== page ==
Trump calls climate change a “hoax” perpetrated by China and others and has said he will rescind the Clean Power Plan — the linchpin of President Barack Obama’s strategy to fight climate change.
A coalition of conservative states has challenged the Clean Power Plan and also has challenged an EPA rule that expanded the definition of waters protected under the Clean Water Act to smaller non-navigable waters and seasonal tributaries.
The Obama administration says the rule would safeguard drinking water for 117 million people, but Republicans and some Democrats representing rural areas say the regulations are costly, confusing and amount to a government power grab. Federal courts have put the rules on hold as judges review lawsuits.
On his campaign website, Trump called for rescinding “all job-destroying Obama executive actions” and has vowed to unleash an American energy revolution, allowing unfettered production of oil, coal and natural gas. He would sharply increase oil and gas drilling on federal lands and open up offshore drilling in the Atlantic Ocean and other areas where it is blocked……
In addition to repealing the power plant rules, the transition document also says Trump’s energy team is considering modifications to Obama’s ozone rule, which is meant to reduce smog.
Also on the chopping block are Obama administration regulations intended to limit harmful emissions and chemical-laden waste water from hydraulic fracturing operations at oil and gas wells.”
Since the survival of the planet is of the highest importance, the first items on my list are two related books by the same author, addressing the threats to the biosphere:
The Meaning of Human Existence by Edward O. Wilson, a National Book Award Finalist in 2014
Half-Earth: Our Planet’s Fight for Life, 2016. Edward O. Wilson won the Pulitzer Prize twice.
Then: The Sixth Extinction: An Unnatural History, Elizabeth Kolbert, 2014, which won the Pulitzer Prize in 2015.
Trump’s people should look at the recently published The Rise and Fall of American Growth: The U.S. Standard of Living Since the Civil War, by Robert J. Gordon, a distinguished professor at Northwestern University. Gordon was included on the Bloomberg 2013 list of the most influential thinkers in America. The book is a data-rich tracing of the forces that shaped America’s economic growth from the end of the Civil War until now and beyond. Just the first 200 pages will make clear the catastrophic consequences of allowing free market forces to rule unchecked over the production and distribution of food and medicine. Before Trump puts in place a hiring freeze on government workers and the Republican Congress slashes agency budgets, someone had better give some deep thought to the impact on the health of the American people.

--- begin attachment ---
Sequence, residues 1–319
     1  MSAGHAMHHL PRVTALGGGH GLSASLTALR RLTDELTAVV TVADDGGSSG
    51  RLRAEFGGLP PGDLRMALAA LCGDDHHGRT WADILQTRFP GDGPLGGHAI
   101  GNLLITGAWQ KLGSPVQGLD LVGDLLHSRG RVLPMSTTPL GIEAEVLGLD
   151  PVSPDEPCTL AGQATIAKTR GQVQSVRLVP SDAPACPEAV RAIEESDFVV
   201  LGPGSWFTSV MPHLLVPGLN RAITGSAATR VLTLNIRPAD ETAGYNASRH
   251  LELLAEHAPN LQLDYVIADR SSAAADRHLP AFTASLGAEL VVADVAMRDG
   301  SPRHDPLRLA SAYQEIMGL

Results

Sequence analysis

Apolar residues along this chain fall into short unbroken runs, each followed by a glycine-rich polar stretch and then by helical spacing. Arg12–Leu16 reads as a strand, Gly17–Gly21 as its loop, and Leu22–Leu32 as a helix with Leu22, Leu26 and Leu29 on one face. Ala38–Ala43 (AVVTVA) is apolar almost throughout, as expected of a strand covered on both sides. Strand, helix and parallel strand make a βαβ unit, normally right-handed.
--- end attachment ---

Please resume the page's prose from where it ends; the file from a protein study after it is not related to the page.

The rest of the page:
Moving on to labor and jobs, it is not clear that Trump or his senior advisors are aware how labor unions emerged as a force in America, and how corporate America reacted to workers’ efforts to get protection for themselves and their children from abusive working conditions. Nor do they seem to be aware that trying to restore dirty energy (mainly coal) to its former place of prominence flies in the face of irreversible global forces of technological change that have been at work since before the Great Depression. It is an illusion that the American economy can be massively stimulated by restoring the old ways of doing work. Those who believed Trump’s promises made to Rust Belt workers and voted Trump into leadership of the Free World are going to be massively disappointed.
There are two books I am referencing. One is From the Folks Who Brought You the Weekend from 2001. The back cover sums it up: “… the historic efforts of working people to win the rights we take for granted today: basic health and safety standards in the workplace, fair on-the-job treatment for men and women, the minimum wage, and even the weekend itself.” Yes, even the weekend itself. These features of modern life were once not provided to most working people.
The other work that would provide an even broader education is Freedom From Fear: The American People in Depression and War, 1929-1945, David M. Kennedy’s Pulitzer Prize winning history published in 1999. The first few chapters may pique the interest of Trump’s advisors who are not mentally blocked to new information that powerfully shows how and why our society and government are structured as they are. Anyone who believes the country’s problems are new products of the Democratic presidency of the past eight years and can be solved by simply unleashing the “free market” are in for a rude awakening.
If they don’t wake up soon, everyone will suffer the most frightful consequences. Completely free markets ignore the Tragedy of the Commons and will create a problem that mankind will not likely be able to resolve by letting businessmen do what they like. And when rising seas encroach on coastal cities, increasingly severe winter storms crush entire states and unprecedented heat waves leave people gasping for relief, the people who only act when there is a profit to be made will be too little too late and too irrelevant.